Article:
Friday, 30 September 2011

Reefs May Have Recovered Far Faster After The Permian Great Dying Than Previously Thought

Early Triassic, metazoan, reef building coral fossils
The Great Dying was the greatest destruction of diversity that has ever occured in Earth history. Around 96% of life died, including many of the species of coral that formed vast reef systems that covered the shallow, warm epicontinental seas of the Palaeozoic Earth. Scientists long thought that corals took many millions of years to recover from this most terrible blow. Yet recent  cutting edge research has shown that this incredible animal group may have been more adaptable than previously thought.

Harsh conditions caused by changes in carbon dioxide levels and the climate caused 90% of the animal group to become extinct around 252 million years ago at the end of the Permian period. A team of international palaeontologists led by Dr Hugo Bucher of the University of Zurich have found fossil evidence which shows that the metazoan corals recovered far quicker after the Great Dying and reformed their vast aquatic empire, aiding the recovery of life in the oceans, as the marine world was affected far more than the land.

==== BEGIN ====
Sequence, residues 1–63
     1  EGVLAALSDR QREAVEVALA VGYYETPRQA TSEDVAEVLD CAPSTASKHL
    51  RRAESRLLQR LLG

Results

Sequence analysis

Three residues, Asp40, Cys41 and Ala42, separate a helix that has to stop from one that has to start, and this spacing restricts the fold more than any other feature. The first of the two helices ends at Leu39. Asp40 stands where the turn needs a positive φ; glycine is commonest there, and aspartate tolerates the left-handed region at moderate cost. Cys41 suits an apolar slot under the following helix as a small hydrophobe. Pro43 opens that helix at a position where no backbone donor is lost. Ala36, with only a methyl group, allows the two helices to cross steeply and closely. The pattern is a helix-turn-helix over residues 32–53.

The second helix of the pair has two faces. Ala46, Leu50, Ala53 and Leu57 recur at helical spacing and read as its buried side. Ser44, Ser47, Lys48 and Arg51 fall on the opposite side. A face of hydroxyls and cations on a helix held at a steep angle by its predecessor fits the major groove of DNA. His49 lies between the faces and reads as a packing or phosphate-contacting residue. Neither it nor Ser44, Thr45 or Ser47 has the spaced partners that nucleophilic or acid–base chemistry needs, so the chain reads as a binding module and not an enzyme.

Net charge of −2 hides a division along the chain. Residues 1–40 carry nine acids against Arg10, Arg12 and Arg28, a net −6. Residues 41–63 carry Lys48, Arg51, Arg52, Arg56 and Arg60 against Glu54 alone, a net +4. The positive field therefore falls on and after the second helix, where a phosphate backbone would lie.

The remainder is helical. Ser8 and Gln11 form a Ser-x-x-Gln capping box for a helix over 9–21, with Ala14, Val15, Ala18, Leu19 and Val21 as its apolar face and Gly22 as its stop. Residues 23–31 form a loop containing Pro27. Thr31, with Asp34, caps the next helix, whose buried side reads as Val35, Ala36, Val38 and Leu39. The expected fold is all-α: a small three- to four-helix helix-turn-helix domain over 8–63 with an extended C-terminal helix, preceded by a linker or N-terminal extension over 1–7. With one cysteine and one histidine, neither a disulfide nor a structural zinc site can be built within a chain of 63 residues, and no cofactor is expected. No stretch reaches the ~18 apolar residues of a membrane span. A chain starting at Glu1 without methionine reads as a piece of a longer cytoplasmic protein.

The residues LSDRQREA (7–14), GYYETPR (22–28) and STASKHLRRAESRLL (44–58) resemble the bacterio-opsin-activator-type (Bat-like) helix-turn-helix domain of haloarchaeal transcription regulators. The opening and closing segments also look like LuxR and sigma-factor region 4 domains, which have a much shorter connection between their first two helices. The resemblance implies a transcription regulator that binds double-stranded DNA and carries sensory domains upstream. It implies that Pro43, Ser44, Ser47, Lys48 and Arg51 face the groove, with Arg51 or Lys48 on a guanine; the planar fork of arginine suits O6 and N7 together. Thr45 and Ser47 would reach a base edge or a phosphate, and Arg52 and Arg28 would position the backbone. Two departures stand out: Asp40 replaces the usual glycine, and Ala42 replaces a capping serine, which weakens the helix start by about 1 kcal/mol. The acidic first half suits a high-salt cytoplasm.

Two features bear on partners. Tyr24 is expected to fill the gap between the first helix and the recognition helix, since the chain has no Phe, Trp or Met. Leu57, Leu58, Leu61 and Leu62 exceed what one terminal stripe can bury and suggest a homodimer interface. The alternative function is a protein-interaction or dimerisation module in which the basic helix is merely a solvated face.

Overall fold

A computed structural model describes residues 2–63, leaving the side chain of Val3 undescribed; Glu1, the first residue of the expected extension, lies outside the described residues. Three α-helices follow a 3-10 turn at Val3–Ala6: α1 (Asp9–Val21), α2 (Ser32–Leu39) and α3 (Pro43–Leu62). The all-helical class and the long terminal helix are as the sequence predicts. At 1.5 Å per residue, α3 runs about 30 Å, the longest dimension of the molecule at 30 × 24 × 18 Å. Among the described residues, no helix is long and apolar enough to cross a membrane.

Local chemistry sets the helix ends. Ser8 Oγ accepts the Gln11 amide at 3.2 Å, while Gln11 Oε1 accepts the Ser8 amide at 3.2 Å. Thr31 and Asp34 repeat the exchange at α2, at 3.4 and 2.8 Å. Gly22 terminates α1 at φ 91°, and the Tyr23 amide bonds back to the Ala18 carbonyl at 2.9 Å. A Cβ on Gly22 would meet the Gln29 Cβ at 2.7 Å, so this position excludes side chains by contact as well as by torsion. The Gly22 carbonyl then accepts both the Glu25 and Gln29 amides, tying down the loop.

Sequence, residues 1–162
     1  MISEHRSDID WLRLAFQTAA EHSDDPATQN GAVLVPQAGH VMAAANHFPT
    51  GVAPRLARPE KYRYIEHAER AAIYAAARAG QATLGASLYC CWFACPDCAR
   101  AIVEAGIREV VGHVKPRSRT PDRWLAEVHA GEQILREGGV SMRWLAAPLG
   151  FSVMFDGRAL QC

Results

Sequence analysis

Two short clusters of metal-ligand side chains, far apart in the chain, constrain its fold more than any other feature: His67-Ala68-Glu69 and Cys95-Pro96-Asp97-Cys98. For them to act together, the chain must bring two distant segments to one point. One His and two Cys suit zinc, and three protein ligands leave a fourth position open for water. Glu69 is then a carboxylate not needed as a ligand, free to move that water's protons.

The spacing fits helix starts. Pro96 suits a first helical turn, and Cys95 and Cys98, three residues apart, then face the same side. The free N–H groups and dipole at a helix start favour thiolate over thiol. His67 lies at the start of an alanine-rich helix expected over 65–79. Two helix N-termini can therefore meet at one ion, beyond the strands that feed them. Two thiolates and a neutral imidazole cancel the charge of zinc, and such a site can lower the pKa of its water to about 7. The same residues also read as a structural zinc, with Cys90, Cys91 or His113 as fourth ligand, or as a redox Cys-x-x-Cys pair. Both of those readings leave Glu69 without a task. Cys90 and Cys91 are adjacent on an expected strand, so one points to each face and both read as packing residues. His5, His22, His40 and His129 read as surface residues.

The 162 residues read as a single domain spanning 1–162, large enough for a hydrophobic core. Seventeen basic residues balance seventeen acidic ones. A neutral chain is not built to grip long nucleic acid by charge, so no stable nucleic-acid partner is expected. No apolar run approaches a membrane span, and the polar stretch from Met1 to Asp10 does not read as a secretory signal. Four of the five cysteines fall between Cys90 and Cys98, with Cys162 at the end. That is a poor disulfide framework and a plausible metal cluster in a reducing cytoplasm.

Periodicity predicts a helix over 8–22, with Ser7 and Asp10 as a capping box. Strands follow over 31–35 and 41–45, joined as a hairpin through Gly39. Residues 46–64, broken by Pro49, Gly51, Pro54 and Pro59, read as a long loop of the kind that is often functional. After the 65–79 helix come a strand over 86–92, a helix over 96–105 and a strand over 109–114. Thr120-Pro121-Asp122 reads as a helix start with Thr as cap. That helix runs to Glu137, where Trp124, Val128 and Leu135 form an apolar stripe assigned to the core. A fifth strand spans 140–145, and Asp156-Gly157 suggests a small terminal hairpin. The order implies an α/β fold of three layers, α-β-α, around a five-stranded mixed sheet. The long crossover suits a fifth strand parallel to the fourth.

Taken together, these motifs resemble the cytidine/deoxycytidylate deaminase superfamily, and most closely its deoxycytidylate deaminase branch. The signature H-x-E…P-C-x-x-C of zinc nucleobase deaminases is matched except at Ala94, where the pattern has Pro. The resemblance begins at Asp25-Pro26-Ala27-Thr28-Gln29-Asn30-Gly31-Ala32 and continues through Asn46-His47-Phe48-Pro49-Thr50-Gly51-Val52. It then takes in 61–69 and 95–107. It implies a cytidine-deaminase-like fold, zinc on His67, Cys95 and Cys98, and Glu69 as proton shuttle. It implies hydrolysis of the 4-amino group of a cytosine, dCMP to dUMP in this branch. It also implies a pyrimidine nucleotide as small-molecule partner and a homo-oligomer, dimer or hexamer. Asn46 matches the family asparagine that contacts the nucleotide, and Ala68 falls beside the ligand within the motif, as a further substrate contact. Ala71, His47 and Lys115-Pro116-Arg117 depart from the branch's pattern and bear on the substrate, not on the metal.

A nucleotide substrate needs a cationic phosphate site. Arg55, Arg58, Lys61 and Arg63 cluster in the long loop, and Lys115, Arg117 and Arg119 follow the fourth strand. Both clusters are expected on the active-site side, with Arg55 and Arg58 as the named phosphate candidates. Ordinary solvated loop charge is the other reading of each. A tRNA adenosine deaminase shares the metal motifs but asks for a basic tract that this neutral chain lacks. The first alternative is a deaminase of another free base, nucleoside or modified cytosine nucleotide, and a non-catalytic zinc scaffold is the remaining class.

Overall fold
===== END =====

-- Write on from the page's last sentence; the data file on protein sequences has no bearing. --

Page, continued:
The team discovered a vast limestone outcrop across what is now South West America. This limestone was composed of vast layers of compacted coral skeletons that lived just 1.5 million years after the cataclysm. It was previously thought that they only began to form reefs again nearly 20 million years after the Great Dying. 'This shows that, after the extinction of dominant reef creators, metazoans were able to form reef ecosystems much sooner than was previously thought,' says Hugo Bucher, summarising the new discoveries.